After Decades in the Dark, Sudan May Soon Be Open for Business

MIN READMay 20, 2019 | 10:00 GMT

Sudanese celebrate an agreement on a civilian-majority legislative body following the removal of authoritarian leader Omar al Bashir in April 2019. The body will be in power for the next three years, after which, elections will be held to allow citizens to decide on its next composition.

Following 30 years of iron-fisted rule by now-deposed president Omar al Bashir, a transition to a civilian-led government could eventually prompt the United States to take Sudan off its terrorism list, which has long constrained investment in the East African country.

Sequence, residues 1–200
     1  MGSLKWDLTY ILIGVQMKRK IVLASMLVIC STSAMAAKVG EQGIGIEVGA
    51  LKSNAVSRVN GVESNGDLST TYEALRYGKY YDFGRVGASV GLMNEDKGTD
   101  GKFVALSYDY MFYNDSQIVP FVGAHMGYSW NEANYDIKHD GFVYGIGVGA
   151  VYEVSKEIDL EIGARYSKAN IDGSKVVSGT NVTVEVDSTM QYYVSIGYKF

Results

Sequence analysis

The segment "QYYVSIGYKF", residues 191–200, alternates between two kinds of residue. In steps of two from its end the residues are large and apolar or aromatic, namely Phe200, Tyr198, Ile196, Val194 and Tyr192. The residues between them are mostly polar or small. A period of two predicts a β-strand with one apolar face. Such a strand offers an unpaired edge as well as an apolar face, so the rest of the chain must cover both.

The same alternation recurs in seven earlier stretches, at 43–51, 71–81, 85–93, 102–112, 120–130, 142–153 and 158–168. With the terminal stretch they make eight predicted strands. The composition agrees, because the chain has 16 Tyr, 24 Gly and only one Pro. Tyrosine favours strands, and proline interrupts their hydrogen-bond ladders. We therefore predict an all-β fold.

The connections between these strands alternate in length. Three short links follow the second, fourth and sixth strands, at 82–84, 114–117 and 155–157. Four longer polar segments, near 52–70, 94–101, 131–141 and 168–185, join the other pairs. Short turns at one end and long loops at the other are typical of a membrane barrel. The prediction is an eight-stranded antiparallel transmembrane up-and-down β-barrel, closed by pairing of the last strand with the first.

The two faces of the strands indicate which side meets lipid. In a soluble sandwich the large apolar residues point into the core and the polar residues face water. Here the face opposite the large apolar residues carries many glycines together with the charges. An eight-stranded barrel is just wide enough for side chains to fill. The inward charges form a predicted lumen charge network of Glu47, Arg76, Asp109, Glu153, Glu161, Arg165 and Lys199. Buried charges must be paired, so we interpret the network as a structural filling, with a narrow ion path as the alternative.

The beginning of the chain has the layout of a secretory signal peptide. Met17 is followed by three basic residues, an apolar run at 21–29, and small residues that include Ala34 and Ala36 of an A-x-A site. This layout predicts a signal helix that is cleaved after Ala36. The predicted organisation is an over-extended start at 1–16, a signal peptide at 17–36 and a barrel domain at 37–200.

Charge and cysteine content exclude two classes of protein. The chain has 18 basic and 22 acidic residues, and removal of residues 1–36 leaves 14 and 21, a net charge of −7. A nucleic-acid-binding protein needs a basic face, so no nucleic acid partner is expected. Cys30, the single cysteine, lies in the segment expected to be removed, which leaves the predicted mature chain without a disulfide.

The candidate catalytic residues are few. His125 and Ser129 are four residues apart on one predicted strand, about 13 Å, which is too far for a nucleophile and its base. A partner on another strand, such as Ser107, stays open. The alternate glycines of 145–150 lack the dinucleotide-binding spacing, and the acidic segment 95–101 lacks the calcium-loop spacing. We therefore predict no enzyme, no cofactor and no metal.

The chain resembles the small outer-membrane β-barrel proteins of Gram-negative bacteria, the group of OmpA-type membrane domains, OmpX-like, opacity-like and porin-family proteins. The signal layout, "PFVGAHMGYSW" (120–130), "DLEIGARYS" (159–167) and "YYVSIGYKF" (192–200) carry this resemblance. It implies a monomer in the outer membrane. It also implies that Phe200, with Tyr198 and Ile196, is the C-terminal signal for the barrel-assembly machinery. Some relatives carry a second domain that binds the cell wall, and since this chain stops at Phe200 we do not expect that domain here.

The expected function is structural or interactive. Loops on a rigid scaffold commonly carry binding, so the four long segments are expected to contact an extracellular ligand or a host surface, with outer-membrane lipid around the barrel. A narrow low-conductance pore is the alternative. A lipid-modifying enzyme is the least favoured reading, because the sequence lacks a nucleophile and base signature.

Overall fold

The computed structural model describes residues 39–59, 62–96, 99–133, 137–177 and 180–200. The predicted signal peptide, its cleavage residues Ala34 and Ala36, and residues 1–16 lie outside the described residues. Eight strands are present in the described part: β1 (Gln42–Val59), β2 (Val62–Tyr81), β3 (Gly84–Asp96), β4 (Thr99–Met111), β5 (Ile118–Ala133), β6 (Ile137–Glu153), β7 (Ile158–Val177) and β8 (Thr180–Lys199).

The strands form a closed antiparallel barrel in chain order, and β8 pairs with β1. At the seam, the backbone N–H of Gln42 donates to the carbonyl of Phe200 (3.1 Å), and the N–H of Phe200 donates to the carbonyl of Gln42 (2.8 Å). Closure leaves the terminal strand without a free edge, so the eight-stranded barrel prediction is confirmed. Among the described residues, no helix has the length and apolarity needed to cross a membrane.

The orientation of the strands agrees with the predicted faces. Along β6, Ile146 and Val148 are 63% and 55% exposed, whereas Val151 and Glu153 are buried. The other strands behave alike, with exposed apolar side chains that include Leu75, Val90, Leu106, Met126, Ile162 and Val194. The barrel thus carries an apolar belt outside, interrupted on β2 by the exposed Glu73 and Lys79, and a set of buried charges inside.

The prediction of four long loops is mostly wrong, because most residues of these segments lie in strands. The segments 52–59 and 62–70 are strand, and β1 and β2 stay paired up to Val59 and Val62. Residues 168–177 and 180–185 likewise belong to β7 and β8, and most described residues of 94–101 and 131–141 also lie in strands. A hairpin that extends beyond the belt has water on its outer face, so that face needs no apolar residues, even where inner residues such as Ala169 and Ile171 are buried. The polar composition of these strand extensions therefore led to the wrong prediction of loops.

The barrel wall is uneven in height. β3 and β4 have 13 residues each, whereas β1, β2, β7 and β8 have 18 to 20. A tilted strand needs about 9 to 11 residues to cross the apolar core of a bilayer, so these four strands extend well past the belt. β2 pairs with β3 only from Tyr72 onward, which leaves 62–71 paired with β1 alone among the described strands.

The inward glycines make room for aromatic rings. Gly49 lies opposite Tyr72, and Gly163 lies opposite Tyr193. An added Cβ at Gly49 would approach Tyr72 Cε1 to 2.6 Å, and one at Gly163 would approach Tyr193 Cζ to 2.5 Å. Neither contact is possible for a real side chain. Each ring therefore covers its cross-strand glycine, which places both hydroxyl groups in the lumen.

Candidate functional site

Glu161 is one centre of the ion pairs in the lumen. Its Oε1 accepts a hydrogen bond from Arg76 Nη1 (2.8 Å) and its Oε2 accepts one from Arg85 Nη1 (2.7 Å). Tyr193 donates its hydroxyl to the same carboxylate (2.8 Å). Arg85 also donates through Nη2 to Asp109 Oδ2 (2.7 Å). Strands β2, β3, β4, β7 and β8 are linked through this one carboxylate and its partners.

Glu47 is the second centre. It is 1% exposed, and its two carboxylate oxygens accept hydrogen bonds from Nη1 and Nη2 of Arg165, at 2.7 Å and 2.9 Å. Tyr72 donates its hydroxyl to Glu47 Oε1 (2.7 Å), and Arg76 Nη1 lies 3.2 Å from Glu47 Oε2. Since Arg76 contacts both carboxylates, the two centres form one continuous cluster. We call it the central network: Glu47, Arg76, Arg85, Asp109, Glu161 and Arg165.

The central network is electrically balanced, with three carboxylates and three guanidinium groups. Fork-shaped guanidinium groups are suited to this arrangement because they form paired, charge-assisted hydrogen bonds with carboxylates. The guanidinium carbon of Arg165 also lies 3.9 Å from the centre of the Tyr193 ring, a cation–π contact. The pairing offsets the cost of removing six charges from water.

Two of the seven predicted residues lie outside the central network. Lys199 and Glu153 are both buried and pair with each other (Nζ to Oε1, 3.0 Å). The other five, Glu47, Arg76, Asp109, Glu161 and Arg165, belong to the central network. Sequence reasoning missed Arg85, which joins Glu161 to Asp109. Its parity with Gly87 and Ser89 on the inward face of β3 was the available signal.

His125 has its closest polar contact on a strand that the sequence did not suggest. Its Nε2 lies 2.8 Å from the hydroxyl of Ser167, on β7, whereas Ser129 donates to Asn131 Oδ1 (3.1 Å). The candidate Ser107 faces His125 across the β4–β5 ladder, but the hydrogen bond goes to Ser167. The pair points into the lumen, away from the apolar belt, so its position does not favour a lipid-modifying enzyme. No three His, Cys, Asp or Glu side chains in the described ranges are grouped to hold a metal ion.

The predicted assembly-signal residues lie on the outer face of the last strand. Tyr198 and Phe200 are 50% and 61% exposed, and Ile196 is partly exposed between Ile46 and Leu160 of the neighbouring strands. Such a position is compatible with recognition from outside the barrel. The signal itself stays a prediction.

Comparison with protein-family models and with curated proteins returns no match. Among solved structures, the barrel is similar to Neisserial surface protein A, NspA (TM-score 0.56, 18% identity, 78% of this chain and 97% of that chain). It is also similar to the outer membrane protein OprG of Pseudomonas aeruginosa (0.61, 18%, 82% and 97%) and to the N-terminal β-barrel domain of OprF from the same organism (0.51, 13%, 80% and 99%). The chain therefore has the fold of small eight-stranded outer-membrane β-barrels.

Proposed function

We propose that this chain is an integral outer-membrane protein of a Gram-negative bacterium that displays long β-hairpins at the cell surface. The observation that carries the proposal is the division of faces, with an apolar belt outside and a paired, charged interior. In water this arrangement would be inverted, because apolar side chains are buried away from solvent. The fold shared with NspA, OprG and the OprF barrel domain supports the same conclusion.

Following President Omar al Bashir's ousting, a transitional civil-military council has brought hope for the many Sudanese who've suffered from the country's deteriorating economy and global isolation over the past 30 years. While negotiations over what the country's transitional government will look like have been rife with debate, there are now signs Khartoum could be inching toward a civilian-led government. Such fundamental political change could eventually prompt the United States to take Sudan off its terrorism list, which could allow the country to capitalize more on its strategic advantages -- including its fertile land, location on the Red Sea and large population -- by lifting a key longtime hurdle for business engagement. Indeed, if done right, the long-abandoned nation has the potential to be Africa's next economic success story -- representing a new zone of untapped opportunity for adventurous investors and businesses alike. But much of that prosperity will depend...

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